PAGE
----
Morita therapy


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Morita,

Shomei, 20th century Japanese physician.
Morita therapy - psychotherapy based on elements of conduct in Zen Buddhism.
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Adopt the Morita therapy. It focuses on teaching patients to accept their emotions without trying to control them, since their feelings will change because of their actions.
In contrast, Morita therapy, created by Shoma Morita of Japan, focuses on teaching patients to accept their emotions without trying to control them, since their feelings will change as a result of their actions.
Morita therapy is not meant to eliminate symptoms; instead it teaches us to accept our desires, anxieties, fears, and worries, and let them go.
The occupational therapist used a mindfulness based approach, employing concepts of Morita Therapy and Acceptance and Commitment Therapy (Harris, 2009; Sugg, Richards, & Frost, 2016) to encourage acceptance of visual deficits and also connected the patient value of independent living to using community resources.
Brief references to psychosynthesis, Morita Therapy, and 12-step programs provide some theory, and mentions of popular books, including The Secret and The Purpose Driven Life, provide contrast for his own thoughts.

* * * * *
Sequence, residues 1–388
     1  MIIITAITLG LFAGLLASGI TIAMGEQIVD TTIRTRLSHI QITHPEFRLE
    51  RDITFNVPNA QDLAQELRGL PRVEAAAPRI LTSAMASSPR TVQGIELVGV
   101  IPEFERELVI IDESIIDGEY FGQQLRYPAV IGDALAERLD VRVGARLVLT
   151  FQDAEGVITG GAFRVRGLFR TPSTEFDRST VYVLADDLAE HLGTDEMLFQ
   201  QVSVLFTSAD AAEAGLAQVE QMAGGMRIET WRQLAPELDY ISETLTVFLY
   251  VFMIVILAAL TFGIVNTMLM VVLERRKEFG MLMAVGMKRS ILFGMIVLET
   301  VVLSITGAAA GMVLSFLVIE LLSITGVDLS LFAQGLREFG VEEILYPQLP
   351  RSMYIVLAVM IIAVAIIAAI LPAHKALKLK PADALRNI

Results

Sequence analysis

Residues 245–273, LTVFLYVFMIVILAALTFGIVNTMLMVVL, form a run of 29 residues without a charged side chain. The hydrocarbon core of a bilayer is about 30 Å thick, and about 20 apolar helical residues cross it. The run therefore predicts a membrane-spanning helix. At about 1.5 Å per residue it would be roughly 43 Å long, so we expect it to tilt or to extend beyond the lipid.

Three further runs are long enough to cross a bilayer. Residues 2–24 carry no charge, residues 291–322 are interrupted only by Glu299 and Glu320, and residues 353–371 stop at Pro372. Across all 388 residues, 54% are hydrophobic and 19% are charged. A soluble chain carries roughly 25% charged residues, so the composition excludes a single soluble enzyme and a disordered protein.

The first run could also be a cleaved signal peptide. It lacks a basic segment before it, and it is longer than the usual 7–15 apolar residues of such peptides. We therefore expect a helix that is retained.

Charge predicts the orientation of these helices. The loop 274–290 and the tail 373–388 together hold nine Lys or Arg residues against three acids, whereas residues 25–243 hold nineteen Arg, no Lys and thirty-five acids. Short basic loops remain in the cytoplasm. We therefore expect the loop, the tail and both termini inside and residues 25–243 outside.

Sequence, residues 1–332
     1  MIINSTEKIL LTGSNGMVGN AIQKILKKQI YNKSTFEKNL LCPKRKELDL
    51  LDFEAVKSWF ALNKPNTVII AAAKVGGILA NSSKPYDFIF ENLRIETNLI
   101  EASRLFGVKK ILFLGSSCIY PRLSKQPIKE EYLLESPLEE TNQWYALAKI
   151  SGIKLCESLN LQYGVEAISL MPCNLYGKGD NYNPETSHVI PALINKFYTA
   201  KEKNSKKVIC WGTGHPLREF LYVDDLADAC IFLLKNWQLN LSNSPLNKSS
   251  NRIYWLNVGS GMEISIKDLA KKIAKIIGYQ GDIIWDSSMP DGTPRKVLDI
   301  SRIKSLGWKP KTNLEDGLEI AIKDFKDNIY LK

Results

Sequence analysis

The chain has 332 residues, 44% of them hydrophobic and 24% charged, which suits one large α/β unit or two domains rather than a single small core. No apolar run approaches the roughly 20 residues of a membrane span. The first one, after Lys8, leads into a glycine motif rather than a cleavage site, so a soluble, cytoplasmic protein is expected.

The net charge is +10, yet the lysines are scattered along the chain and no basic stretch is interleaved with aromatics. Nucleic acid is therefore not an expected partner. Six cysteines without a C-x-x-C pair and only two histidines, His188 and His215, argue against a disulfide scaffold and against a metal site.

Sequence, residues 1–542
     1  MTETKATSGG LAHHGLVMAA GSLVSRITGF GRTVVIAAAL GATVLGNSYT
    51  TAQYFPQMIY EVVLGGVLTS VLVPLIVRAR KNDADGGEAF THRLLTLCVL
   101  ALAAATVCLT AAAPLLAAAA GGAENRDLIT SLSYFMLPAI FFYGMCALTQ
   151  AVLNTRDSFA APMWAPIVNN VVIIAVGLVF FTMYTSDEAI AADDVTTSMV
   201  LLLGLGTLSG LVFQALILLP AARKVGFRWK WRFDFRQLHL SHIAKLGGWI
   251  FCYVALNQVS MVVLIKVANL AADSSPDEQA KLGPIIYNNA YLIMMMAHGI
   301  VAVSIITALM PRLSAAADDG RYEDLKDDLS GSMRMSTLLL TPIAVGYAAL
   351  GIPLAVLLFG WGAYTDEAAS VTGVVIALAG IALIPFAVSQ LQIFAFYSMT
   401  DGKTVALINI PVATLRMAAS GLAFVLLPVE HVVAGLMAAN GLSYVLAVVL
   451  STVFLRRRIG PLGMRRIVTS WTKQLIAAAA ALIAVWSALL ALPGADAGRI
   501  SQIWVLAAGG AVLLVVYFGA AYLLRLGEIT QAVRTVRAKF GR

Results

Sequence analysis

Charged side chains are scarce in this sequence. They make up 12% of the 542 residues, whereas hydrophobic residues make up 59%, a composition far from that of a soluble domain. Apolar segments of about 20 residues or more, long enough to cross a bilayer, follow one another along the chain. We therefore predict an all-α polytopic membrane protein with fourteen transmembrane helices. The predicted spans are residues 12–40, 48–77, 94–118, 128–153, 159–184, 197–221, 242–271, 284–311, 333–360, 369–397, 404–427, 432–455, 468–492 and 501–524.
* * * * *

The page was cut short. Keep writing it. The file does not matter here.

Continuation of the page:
Morita therapy: its basic features and cognitive intervention for anxiety treatment.
France, Cadieax, and Allen (1995) described the theoretical link between Morita Therapy and letter writing.
As mentioned within the context of Morita therapy (France et al., 1995), letters between counselor and client have the potential to become an integral, continual part of the counseling process.
Further, counselors should consider using counseling approaches such as Morita therapy (Kondo, 1953; Morita, 1976) that employ a more passive and other-oriented approach to problem solving.
Morita therapy: Zen Buddhism applied to psychotherapy.